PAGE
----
Swimming and wading is not recommended where algae is present.

Council will continue to monitor Coochiemudlo Island as well as beaches at Victoria Point, and will erect signs if Lyngbya is found.

More information is available from the Department of Environment and Heritage Protection. 

Council adopts new policy on the temporary commercial use of public open space


A new Council policy will help activate local open spaces and parks, generating economic opportunity while allowing residents and visitors to enjoy the Redlands Coast naturally wonderful locations.

Council’s Temporary Commercial Use of Public Open Space Policy is designed to ensure a vibrant, local economy while minimising impacts on nearby businesses and residential properties.

Mayor Karen Williams said the new policy, adopted by Councillors today, reinforced Council’s commitment to supporting sustainable levels of commercial activity in public parks and other open spaces.

“One of our greatest assets is our open spaces, parks and foreshores and this policy will help activate these areas, while at the same time protect the existing amenity, nearby businesses and surrounding residents,” she said.

“Whether it is enjoying a coffee by the water or grabbing something to eat down at the local park while the children are on the swing, this policy celebrates what everyone loves about Redlands Coast, while at the same time generating economic activity.”

Cr Williams said Council would develop a Guideline that included separation distances from existing businesses and residential areas, to ensure temporary commercial activities do not impact on nearby residents and established businesses.

“While we want to encourage activation of public spaces, we also don’t want to adversely impact our existing businesses and residents, so the new policy and guideline will ensure new activities are set away from established businesses and people’s homes.

“Council already takes bookings and issues permits for a variety of activities in local parks and open spaces, and this policy will ensure these spaces are used in ways that support the economy, connect communities and maintain a healthy and natural environment – all of which are strategic priorities for Council.

“Following today’s decision, Council will now develop a Guideline and Expression of Interest to capture potential uses in local parks and open spaces.”

Cr Williams said the policy would also maintain the safety and amenity of visitors and other park users while protecting the scenic amenity, ecological, social and cultural values of public parks and open space.

To see Redland City Council’s Temporary Commercial Use of Open Space Policy (POL-3030), visit Council’s website at redland.qld.gov.au

Council to ask State for more detail on its Draft Waste Management Strategy


Redland City Council will write to the State Government with detailed feedback on its Draft Waste Management and Resource Recovery Strategy, before public consultation closes on 5 April.

Mayor Karen Williams said it was important to express Council’s concerns about the State’s draft strategy, which was likely to incur significant costs and have implications for Council’s own waste management operations.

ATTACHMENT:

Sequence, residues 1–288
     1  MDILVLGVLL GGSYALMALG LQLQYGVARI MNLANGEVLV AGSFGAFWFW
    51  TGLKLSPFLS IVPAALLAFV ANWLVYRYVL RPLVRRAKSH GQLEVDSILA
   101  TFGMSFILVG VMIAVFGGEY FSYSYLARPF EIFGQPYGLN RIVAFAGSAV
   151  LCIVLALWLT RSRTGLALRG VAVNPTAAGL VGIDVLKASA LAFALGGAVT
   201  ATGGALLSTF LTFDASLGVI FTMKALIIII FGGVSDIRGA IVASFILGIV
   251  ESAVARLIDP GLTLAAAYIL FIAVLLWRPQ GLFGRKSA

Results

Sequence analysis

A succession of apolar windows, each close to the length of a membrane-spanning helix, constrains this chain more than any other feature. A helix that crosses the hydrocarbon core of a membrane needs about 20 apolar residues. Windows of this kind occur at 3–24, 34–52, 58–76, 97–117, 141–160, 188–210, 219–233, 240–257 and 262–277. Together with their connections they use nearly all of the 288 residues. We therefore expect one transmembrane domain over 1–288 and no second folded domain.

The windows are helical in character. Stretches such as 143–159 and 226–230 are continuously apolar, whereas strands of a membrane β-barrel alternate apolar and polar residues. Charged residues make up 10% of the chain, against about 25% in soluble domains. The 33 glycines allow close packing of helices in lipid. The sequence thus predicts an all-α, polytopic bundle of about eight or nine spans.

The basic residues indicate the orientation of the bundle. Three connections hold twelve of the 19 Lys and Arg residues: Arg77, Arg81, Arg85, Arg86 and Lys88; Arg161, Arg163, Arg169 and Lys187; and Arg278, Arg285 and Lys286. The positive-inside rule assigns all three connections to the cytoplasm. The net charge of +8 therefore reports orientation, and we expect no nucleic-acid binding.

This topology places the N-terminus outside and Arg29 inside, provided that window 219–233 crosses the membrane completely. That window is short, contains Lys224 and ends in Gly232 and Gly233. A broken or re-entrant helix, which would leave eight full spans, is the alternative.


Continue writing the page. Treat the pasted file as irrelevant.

“We will ask the State Government to prioritise the provision of a detailed action plan – with agreed timeframes and well defined roles and responsibilities – as well as a long term, state-wide communications and behaviour change campaign to support their strategy,” Cr Williams said.

“As the primary providers of waste services on Redlands Coast, Council is best placed to give insights into the practicalities of how the vision, priorities and ambitious waste targets of the State’s draft strategy could be implemented at a local level, and the potential impact and cost to residents.”

Issued for public consultation on 14 February 2019, the State’s draft strategy proposes a new long-term direction for waste management, with a view to Queensland becoming a zero-waste society.

Cr Williams said that while Council applauded the intent – which aligned with our own search for more innovative waste management solutions in collaboration with our neighbours and industry – we needed to ensure the interests of Redlands Coast were represented.

“Although the intent of the draft strategy is quite broad, once it is finalised Council will need to conduct a statutory review of our own Waste Reduction and Recycling Plan 2015-2020 so it aligns with the State,” she said.

“And while Council undertakes continuing community education on waste recovery and recycling, the much more ambitious targets proposed by the State Government require proportionately greater resource allocation to support behavioural change.

“Council also believes the State Government should cover the cost of any state-wide communication and behavioural change process, given it has flowed from their Draft Waste Management Strategy.

“I thank Redlands Coast residents for the commitment they have already shown in waste reduction, diversion and recycling.

“Residents continue to upgrade to larger household recycling bins and request optional green waste bins.

“All the materials disposed of in this way are diverted from landfill.

“I urge the State Government to take our concerns into consideration in the finalisation of its Waste Management and Resource Recovery Strategy and to work collaboratively with local governments towards a more sustainable future.”